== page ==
The Counsellor (2013)

R   |    |  Crime, Drama, Thriller


The Counsellor (2013) Poster

A lawyer finds himself in over his head when he gets involved in drug trafficking.

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5.3/10
91,189

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  • Michael Fassbender in The Counsellor (2013)
  • Javier Bardem in The Counsellor (2013)
  • Penélope Cruz in The Counsellor (2013)
  • Cameron Diaz and Javier Bardem in The Counsellor (2013)
  • Michael Fassbender in The Counsellor (2013)
  • Javier Bardem and Penélope Cruz at an event for The Counsellor (2013)

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Cast & Crew

Top Billed Cast



Director:

Ridley Scott

Writer:

Cormac McCarthy

Reviews & Commentary

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User Reviews


26 October 2013 | ghost_dog86
7
| I'm not a contrarian, but…
With a star studded cast, featuring the likes of Michael Fassbender, Penelope Cruz, Cameron Diaz, Javier Bardem and Brad Pitt, and directed by Ridley Scott, with a script from one of the greatest American novelists alive, Cormac McCarthy, obviously I went to see "The Counselor" on face value alone. Admittedly, aside from the fact that this is not a very cinematic endeavor, the first half of this film is pretty bad. That is to say the first act and a half is far too cryptic for its own good, with dialogue that is in love with its own double entendres and lines which sound as though they would be more at home in a novel than spoken aloud by human beings. But, if you're patient enough to stay with this film until the second hour, you will be rewarded by witnessing how McCarthy and Scott weave this almost action-less tale together, quietly guiding audiences into a brilliantly disturbing and hypnotic finale.

The performances (the standout coming from Bardem) are all fine here. These are all great actors, so what else would you expect? Same goes for the direction. The wildcard with "The Counselor" was always McCarthy's transition from novel to feature film scriptwriting; a transition that was a first act failure on the grounds of dialogue alone. In that same breath, his high caliber story of a lawyer who gets involved in drug trafficking and his masterful construction redeems him almost entirely by the time it's all said and done.

As I alluded to before, there is not much action here, which may give the illusion to some that sequences are occurring but nothing is progressing, which may also promote watch checking. But within this conversation based film, as much as I would have preferred the dialogue to have been handled with more subtlety, the subtext is always interesting, gaining its momentum from the converging stories within the second half.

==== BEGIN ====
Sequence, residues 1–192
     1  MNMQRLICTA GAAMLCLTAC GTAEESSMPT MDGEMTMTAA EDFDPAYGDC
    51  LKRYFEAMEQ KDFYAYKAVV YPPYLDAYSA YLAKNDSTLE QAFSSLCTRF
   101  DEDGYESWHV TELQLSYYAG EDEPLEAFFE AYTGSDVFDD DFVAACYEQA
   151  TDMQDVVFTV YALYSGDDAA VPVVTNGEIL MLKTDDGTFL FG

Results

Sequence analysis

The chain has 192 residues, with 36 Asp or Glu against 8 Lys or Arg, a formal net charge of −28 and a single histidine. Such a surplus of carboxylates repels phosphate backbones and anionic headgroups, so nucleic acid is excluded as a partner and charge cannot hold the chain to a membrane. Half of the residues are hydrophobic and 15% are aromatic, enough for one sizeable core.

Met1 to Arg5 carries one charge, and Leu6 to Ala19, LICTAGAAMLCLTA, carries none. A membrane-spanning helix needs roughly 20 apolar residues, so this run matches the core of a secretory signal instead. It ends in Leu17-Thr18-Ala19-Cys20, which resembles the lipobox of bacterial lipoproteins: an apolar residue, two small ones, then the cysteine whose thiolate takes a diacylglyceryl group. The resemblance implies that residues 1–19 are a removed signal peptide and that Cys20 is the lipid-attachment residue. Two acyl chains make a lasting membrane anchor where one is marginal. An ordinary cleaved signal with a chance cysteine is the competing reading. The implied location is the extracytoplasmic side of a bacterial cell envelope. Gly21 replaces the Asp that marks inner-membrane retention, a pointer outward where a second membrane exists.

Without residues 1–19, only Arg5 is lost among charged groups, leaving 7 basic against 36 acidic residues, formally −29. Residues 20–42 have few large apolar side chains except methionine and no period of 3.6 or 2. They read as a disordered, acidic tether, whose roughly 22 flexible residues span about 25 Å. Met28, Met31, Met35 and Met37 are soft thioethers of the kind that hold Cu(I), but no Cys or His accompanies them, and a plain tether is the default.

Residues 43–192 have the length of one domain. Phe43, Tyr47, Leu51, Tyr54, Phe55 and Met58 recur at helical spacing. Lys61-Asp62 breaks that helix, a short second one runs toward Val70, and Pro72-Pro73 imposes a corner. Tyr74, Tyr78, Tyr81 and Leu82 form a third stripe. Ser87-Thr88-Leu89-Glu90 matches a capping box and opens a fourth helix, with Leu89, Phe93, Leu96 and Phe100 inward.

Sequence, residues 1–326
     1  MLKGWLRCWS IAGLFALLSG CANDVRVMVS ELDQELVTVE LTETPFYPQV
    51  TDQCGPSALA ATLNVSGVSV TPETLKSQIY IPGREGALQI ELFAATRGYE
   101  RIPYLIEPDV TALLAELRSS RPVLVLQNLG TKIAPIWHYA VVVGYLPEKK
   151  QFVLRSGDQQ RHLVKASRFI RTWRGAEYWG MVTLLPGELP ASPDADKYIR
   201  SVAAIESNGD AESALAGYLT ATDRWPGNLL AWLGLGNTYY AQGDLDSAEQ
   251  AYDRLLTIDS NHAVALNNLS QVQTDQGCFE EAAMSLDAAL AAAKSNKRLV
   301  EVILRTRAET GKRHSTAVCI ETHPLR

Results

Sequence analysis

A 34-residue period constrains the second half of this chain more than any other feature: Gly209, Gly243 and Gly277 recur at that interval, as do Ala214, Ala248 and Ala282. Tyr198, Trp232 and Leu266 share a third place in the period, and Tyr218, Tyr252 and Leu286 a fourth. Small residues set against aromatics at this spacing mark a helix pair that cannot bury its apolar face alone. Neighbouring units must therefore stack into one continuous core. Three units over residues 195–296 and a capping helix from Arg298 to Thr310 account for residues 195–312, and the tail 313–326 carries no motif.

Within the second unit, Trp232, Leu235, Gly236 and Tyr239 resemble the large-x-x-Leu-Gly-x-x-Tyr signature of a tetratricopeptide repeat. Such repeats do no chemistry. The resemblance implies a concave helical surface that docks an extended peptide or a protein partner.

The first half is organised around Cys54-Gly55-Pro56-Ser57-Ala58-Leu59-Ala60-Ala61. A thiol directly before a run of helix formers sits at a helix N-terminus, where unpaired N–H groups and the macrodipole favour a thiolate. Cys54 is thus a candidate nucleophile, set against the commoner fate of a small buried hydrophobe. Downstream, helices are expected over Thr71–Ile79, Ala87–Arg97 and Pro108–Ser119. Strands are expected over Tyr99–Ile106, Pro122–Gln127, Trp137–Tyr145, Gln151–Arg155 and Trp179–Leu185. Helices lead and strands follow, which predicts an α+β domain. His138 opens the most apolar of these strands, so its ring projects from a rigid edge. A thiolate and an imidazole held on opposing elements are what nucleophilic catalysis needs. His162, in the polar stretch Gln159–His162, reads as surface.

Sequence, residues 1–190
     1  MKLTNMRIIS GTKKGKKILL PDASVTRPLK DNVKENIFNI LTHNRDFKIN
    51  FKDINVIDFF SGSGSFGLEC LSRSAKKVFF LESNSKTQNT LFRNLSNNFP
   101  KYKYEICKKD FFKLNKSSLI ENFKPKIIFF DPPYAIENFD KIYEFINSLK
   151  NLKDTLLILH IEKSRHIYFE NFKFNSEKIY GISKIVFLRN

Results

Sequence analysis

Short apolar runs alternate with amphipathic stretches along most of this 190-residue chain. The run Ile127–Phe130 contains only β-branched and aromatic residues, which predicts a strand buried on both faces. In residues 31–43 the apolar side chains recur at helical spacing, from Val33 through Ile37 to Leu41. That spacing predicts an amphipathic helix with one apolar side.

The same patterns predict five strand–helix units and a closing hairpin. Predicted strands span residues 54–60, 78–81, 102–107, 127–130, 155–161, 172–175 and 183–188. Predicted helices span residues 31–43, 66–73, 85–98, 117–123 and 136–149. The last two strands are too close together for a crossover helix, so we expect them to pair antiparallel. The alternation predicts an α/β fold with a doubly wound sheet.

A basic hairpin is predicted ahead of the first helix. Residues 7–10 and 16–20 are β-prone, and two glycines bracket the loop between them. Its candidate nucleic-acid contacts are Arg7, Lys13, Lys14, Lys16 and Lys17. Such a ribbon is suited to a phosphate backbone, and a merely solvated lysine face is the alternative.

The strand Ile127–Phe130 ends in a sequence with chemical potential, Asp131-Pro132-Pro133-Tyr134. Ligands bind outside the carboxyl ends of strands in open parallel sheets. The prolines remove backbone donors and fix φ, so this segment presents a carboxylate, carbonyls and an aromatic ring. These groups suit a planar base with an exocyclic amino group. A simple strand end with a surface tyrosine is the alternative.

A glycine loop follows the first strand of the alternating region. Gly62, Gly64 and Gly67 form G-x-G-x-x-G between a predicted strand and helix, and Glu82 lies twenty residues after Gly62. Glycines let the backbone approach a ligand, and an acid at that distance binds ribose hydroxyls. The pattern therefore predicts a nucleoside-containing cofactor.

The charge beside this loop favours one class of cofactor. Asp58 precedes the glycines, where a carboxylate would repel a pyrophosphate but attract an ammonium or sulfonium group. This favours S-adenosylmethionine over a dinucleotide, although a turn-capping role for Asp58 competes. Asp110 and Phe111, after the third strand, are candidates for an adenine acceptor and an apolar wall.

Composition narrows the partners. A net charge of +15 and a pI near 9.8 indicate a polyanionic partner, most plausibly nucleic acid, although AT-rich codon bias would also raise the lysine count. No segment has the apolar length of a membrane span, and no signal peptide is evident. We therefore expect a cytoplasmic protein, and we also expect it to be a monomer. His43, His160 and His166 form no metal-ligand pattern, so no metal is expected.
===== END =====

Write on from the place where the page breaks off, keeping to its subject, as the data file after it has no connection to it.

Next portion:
Final Thought: "The Counselor" is the film equivalent of an artichoke. You either like it or you don't. And both are understandable. Maybe one day, once all of the critical heat dies down, history will look more kindly on this movie. But for now, there will be flaws within it that a majority of mainstream audiences just won't be able to forgive.

Written by Markus Robinson, Edited by Nicole I. Ashland

Metacritic Reviews


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Did You Know?

Trivia

Cameron Diaz's character Malkina is Argentinian in Cormac McCarthy's screenplay. The country of origin was changed to Barbados for the film. This decision was seemingly made to better fit Diaz' physical appearance to her character's ethnicity.


Quotes

Laura: Are you awake?
Counselor: No. What time is it?
Laura: Two o'clock. Almost two o'clock.
Counselor: AM or PM?


Goofs

(at around 50 mins) When Malkina is driving the yellow Ferrari California on the golf course, the cables used for the internal cabin lights are clearly visible going through Reiner's passenger door.


Alternate Versions

The 'Unrated Extended Cut' is 20 minutes longer than the 'Theatrical Cut'(117 min.) and runs nearly 138 minutes. It features new scenes, extended scenes and a little alternative footage. Some scenes are extended substantially, for example the philosophical dialogue between the Counselor and the Diamond Dealer and between the Counselor and the Cartel Leader. In this version the Diamond Dealer is characterized as a Sephardic Jew from Spain with a tragic past involving a deceased woman. The Cartel Leader's extended monologue gains nearly apocalyptic qualities. The sex scene at the beginning is longer and contains stronger sexual activity from Laura. The sexually ambiguous relationship between Laura and Malkina is explored deeper in an additional scene. Reiner tells more anecdotes about his former girlfriends, friends and what he 'learned' about women. The dialogue scenes with Westray contain more details about the unpredictable dangers of the drug trade. The notorious death scene of Westray is extended and more graphic. The 'Unrated Extended Cut' contains in general more profanity and sexual references than the R-rated 'Theatrical Cut'.


Soundtracks

Territorio
Written by
Camilo Lara
Performed by Instituto Mexicano de Sonido (as Mexican Institute of Sound)
Courtesy of Nacional Records

Storyline

Plot Summary


Synopsis (WARNING: Spoilers)


Genres

Crime | Drama | Thriller

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